You Have No Idea What Data You Have, Do You?
LAS VEGAS — As part of its 2008 Ideas conference here Tuesday, data quality solutions provider DataFlux unveiled a new data management platform built from a technology partnership with its parent company, SAS Institute. "Project Unity," explained Tony Fisher, president and chief executive officer of DataFlux, will be, as the name suggests, a single platform to handle all aspects of data management. Similar to how the mechanical clock revolutionized the world by helping its population get in sync, he told attendees, Project Unity aims to give the enterprise a single frame of reference around data. It's the absence of that synchronization, he said, that plagues nearly every existing corporation.
According DataFlux, Project Unity meshes SAS's industry-tested technology with DataFlux's offerings to address multiple concerns around data management, some of which include:
- data quality;
- data integration;
- master data management;
- data federation;
- business process integration;
- unstructured data support; and
- application integration.
The technology, however, is only one leg of the tripod that supports an enterprisewide data management initiative. In fact, here at DataFlux Ideas, technology seemed to take more of a behind-the-scenes role compared to the people and process sides. Fisher himself emphasized the importance of having a culture that breaks down the walls dividing the technology from the business, and while DataFlux organizers reported that the audience had a 65/35 lean toward technology professionals, that was a notable shift from previous gatherings. The wholly tech-focused discussions of the past have given way to more "business-user-friendly" solutions. But it's not a question of a pendulum swinging to the opposite extreme, Fisher told the audience. No longer should data management be in the hands of either the information technology staff or the line-of-business staff; rather, he said, the only way the methodology can ever succeed is if the two departments work together.
The process component requires companies to maintain corporate focus on managing data according to a "quality culture." Fisher cited one particularly severe example, a company that posts a weekly "Wall of Shame" listing the names of employees who fail to abide by its data management rules. A good process in assuring data quality, he said, follows this general evolution:
- discovery and exploration of data;
- design and modeling of data;
- enablement and use of data;
- maintenance of data; and
- archiving of obsolete or irrelevant data.
In his Tuesday-morning keynote presentation, "The Data Integration and Data Quality Imperative: Delivering Information Your Organization Can Trust," Ted Friedman, a vice president at Gartner, echoed Fisher's message, accusing companies of becoming too enamored of the joys of what he called "plumbing" -- that is, merely moving data from one place to another. Unfortunately, he said, "there is no business value in efficiently distributing garbage."
What may get lost in the mix, he added, is the understanding that while companies may excel at the first half of data management -- the data itself -- many fall short when it comes to the second half: the actual management of that data. "In an organization, nothing happens until we give the user valuable information at the right place, the right time, and [of] the right quality," he said. "Nothing happens until someone sells something."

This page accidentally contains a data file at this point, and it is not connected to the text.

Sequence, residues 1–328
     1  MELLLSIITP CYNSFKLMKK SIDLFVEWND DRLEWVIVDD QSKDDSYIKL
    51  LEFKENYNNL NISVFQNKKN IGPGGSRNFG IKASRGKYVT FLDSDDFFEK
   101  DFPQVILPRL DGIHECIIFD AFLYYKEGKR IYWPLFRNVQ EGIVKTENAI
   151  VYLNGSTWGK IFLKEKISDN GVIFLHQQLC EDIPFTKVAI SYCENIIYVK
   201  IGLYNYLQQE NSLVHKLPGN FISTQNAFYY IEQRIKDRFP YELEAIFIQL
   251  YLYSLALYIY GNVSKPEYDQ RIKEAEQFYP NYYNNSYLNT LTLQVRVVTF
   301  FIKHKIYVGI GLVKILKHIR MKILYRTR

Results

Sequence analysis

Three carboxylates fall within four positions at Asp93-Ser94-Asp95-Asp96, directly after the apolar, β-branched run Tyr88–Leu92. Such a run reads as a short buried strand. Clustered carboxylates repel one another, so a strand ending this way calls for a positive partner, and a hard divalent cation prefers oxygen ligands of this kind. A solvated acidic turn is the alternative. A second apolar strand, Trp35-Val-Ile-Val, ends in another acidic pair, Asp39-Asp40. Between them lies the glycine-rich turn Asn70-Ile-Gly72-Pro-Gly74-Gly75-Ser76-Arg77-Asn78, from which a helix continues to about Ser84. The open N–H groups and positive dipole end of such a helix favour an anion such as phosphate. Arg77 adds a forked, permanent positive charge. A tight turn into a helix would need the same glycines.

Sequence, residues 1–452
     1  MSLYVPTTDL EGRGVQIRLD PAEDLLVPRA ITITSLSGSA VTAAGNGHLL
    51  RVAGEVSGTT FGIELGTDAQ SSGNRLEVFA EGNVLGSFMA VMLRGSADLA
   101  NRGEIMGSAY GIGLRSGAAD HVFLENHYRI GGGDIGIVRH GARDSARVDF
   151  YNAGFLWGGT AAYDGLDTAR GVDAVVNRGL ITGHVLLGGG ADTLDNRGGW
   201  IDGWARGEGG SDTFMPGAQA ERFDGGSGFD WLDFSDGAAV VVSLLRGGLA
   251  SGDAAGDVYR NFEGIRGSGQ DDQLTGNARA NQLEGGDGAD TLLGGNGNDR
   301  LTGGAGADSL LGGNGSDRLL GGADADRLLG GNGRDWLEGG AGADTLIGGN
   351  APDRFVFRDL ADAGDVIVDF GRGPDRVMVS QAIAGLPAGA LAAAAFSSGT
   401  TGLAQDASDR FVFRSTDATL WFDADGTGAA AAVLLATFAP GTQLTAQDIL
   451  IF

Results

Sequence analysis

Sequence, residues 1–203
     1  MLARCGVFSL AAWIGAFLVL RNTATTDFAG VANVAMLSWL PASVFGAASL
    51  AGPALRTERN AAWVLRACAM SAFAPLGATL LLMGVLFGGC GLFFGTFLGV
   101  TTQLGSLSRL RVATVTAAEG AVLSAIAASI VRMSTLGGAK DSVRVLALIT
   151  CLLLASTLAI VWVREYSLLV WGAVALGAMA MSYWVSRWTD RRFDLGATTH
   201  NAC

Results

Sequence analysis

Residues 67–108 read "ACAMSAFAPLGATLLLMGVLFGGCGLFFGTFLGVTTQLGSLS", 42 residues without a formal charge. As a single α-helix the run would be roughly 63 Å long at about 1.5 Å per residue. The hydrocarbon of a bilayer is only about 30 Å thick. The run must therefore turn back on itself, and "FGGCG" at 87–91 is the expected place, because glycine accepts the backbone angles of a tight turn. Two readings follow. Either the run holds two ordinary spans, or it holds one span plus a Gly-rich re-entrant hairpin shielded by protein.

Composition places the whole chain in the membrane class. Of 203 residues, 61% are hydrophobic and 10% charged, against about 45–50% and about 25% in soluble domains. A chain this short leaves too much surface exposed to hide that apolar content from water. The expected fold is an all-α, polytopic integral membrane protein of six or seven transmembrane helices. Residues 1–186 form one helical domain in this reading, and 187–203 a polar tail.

While tools and technology are certainly key enablers to data management, it takes a business-oriented mind to maximize these tools' potential. Still, the fundamental competency that businesses need to develop is organizational and managerial discipline, Friedman said. According to Gartner, 70 percent of companies report having no standards around how data integration and data quality are performed across the business organization. Consequently, suborganizations feel free to pursue whatever data efforts they see fit, making it increasingly difficult to maintain consistency and leverage and reuse data in a way that promotes efficiency. This set of circumstances fosters what Friedman called a "brittle" environment -- one that will make it difficult for a company to compete in today's market, where rapid change and advancement favors the agile. "If you think that it's painful now, it's only going to get worse," he warned the crowd.
Making matters worse, the playing field is about to require a new level of sophistication. Business competency, Friedman predicted, will soon begin to rely on metadata management -- the handling of higher-level, multifaceted information that provides context around existing data, such as location, format, structure, quality, and meaning. That, in turn, is part of the industry's move toward what Friedman identified as semantic technology. "[Semantic technology] is about making meaning more explicit and understandable at the abstract level," he said. Focusing on metadata elevates and expands the concept of data management from a narrow, technology-centric objective to one that comprises the business-process perspective. For the companies that can successfully make that transition, Friedman promised, the revelations that await will translate into real business value.
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